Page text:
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LONDON (Reuters) - Cerberus, the private equity firm named after the mythical three-headed dog guarding the gates of Hades, is leading a charge by U.S. investors who are snapping up European loans at knockdown prices.
New York-based Cerberus Capital Management [CBS.UL] has bought more than 27 billion euros ($30 billion) of European loans in the last 2-1/2 years, acting along with rivals such as Lone Star and Blackstone (BX.N) to snap up commercial and residential debt from banks desperate to shrink or governments running down so-called "bad banks".
The trend looks set to continue.
"There's certainly another five years to go. We believe there's 2 trillion euros of unwanted loans across Europe sitting on banks' balance sheets," said Richard Thompson, head of the portfolio advisory group at consultancy PwC.
U.S. banks went through a similar process of selling sub-prime loans after the 2008/09 financial crisis and many big funds there built up expertise that has left them well equipped to raise cash and snap up the European loans coming up for sale, bank industry sources said.
Thompson said scale can give them a vital edge, with data on how one loan portfolio performs helping subsequent bids. "Over time the big players build up a data advantage, a reputational advantage, a track record with the main vendors, so I think they will continue to dominate the market."
But the sale of loans to private equity firms has attracted criticism, including accusations customers haven't been told when loans are transferred and the private equity firms are too aggressive in chasing repayments.
UK law firm Berg said in a report this month it had seen cases where businesses whose debts had been sold to private equity had been put under "huge pressure".
"They (private equity firms) are looking for quicker returns and aren't interested in relationships, whereas a bank historically looks at the lifetime of the client and what they can earn over a longer time," Berg partner Alison Loveday said.
Private equity firms, many of whom have bought specialist loan-servicing companies, will often take a different approach to collecting debts than banks and typically had a better record at it, sources said.
"A specialist servicer and people outside the banking system are less worried about setting precedents and therefore may say to a customer just pay me back 50 (percent) and we'll call it quits," one source said.
But Berg's Loveday said there was an imbalance between the power of banks to transfer loans and the rights of borrowers.
"A lot of business owners spend a lot of time choosing which bank to go with," she said. "And it can come as a huge shock to them (if the loan is sold on)."
Cerberus said it treats every borrower fairly and consistently. "Our preferred outcome is to keep the owners and tenants in place, establish a true value for the property, stabilize the asset and deliver true value for shareholders, owners and tenants," it said in a statement, saying consensual resolutions accounted for the vast majority of outcomes.
Most of the loans sold in recent years have been in Britain, Ireland and Spain. Those countries are expected to remain active as banks still face pressure to cut balance sheets and state asset management agencies still need to sell massive loan books.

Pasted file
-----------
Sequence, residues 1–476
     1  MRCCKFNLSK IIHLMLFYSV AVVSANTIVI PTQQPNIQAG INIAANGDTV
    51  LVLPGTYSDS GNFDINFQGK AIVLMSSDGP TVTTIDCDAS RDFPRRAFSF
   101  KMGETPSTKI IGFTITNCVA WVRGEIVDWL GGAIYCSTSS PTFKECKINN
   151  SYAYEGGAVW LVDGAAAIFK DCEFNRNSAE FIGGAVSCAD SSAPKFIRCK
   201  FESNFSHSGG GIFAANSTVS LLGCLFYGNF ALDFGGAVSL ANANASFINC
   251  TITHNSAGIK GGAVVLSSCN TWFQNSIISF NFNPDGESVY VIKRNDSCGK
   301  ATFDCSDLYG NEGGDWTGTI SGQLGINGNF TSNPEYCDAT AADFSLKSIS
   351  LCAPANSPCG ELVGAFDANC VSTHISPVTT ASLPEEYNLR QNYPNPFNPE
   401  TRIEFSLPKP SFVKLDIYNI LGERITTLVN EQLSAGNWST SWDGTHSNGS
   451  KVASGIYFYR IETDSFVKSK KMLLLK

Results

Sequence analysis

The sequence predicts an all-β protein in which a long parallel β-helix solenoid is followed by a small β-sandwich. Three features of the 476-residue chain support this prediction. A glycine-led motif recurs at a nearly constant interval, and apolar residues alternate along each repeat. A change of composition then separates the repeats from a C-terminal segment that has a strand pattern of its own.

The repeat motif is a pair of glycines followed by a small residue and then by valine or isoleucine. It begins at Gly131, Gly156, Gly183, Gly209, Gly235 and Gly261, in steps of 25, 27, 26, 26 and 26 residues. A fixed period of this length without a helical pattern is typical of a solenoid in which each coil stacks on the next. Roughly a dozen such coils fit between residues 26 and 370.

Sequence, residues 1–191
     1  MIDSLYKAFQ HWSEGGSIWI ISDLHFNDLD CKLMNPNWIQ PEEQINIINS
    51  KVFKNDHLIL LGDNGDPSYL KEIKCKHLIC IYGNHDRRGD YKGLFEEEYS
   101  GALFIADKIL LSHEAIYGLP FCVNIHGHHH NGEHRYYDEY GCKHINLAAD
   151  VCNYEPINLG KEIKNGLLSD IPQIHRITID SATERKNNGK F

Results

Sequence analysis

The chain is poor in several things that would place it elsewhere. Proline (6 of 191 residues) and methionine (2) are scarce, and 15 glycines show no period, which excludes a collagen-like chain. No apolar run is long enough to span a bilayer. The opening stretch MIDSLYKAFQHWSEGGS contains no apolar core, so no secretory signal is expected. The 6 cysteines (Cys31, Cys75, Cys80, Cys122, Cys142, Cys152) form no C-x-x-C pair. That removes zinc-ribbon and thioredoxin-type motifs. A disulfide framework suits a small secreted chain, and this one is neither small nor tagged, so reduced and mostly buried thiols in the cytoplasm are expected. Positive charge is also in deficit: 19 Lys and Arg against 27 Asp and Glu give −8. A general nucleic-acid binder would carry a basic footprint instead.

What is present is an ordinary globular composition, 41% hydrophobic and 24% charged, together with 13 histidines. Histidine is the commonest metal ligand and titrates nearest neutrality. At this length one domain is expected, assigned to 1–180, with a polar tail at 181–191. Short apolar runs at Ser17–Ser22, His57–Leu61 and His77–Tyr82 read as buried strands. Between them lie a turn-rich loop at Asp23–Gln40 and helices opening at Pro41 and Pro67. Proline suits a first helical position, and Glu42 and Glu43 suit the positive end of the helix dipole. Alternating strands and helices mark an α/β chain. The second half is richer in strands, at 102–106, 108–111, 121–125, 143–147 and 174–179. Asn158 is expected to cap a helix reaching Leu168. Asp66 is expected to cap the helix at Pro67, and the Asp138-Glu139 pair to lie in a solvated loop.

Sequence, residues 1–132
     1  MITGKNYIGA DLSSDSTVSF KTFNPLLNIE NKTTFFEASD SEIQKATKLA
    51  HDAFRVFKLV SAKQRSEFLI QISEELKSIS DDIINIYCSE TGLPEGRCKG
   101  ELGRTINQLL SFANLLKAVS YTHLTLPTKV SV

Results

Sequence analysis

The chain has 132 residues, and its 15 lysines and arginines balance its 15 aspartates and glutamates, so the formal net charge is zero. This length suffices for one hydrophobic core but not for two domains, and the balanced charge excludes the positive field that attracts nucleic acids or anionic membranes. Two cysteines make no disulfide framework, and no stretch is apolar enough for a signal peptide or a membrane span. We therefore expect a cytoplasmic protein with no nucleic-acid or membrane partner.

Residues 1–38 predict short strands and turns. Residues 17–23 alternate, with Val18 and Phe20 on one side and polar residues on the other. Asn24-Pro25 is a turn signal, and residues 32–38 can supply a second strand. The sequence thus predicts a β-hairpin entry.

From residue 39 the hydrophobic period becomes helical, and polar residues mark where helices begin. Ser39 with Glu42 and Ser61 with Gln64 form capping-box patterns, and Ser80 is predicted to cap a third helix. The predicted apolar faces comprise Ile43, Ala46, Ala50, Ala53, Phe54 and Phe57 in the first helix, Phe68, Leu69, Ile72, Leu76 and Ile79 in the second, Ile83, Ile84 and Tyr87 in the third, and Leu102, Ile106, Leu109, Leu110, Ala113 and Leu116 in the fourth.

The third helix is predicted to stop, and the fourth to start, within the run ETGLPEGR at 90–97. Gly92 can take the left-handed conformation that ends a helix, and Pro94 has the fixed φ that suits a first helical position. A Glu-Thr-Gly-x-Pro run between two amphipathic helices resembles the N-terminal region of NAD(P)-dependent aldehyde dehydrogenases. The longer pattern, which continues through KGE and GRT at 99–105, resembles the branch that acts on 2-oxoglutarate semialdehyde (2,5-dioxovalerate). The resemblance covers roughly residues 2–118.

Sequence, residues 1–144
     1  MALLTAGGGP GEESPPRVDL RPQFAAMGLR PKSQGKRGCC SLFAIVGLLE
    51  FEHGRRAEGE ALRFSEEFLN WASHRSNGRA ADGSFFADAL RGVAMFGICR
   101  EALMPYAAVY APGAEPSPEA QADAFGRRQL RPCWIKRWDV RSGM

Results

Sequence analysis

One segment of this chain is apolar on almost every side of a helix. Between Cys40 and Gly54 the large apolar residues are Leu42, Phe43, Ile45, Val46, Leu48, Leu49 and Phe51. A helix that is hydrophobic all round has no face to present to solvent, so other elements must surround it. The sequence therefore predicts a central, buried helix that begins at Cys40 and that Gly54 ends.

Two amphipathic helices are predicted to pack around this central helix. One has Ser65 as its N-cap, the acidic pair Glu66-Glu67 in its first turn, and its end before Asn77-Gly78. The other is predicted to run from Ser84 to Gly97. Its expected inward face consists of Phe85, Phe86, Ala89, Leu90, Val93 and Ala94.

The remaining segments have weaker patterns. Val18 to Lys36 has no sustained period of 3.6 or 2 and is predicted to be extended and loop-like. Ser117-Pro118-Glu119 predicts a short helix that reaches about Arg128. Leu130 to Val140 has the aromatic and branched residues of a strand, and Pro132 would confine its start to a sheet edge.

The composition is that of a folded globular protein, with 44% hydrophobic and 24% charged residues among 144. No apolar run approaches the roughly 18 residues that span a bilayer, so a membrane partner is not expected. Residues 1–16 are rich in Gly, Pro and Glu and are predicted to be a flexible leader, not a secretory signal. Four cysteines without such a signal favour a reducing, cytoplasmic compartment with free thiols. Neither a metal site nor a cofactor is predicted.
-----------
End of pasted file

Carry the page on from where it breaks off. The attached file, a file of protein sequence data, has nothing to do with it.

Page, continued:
Britain's state bad bank is selling a 13 billion pound ($20 billion) book of loans, while other big deals in the pipeline include GE Capital's UK loan book and Irish loans being sold by bad bank NAMA, RBS (RBS.L) and Lloyds (LLOY.L).
Elsewhere Italian sales are set to jump as banks seek to cut more than 180 billion euros in bad loans, while loans in central and eastern Europe could also be sold, such as a 2 billion euro Romanian book being sold by Erste Bank (ERST.VI), bankers said.
PwC estimates Europe's banks are likely to sell 100 billion euros of unwanted loans this year, topping a record 91 billion last year.
Cerberus has snapped up about 20 European portfolios since the start of 2013 to make it the biggest buyer of non-performing loans, according to real estate brokers Cushman and Wakefield.
Lone Star has bought loans with a face value of more than 20 billion euros in the last 2-1/2 years and Blackstone has bought about 10 billion, Cushman and Wakefield data show.
Apollo, Oaktree (OAK.N) and specialist investors such as Kildare Partners and Kennedy Wilson have also been big buyers.
The firms, however, only pay a fraction of the face value of the loans. Often banks have already written down the value of the debt and sell at two-thirds or less of face value.
Cerberus last week paid 41 percent of the 550 million pound face value for a portfolio of RBS loans; when it bought 4.8 billion pounds of Irish loans from RBS in December it paid just 23 percent of nominal value.
For banks, selling the loans can be attractive even at a steep discount, as it can release substantial capital they had to hold against the assets.
Mega deals, or sales of portfolios with a face value of 1 billion euros or more, are becoming more common and are almost always bought by U.S. investors.
Cerberus has won seven mega deals in the last 18 months, including a 5.6 billion euro "Project Eagle" portfolio from NAMA and 1 billion euros of Danish loans dubbed "Project Mermaid".
Investors can get annual returns of 15 to 20 percent on the right deals, although loans are now being sold at smaller discounts due to competition from bidders, sources said.
Cerberus declined comment on the returns it expected, but said it was a patient long-term investor with a 20-year track record of "successfully restructuring distressed real estate loans while supporting improvements to the underlying assets."
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Editing by David Holmes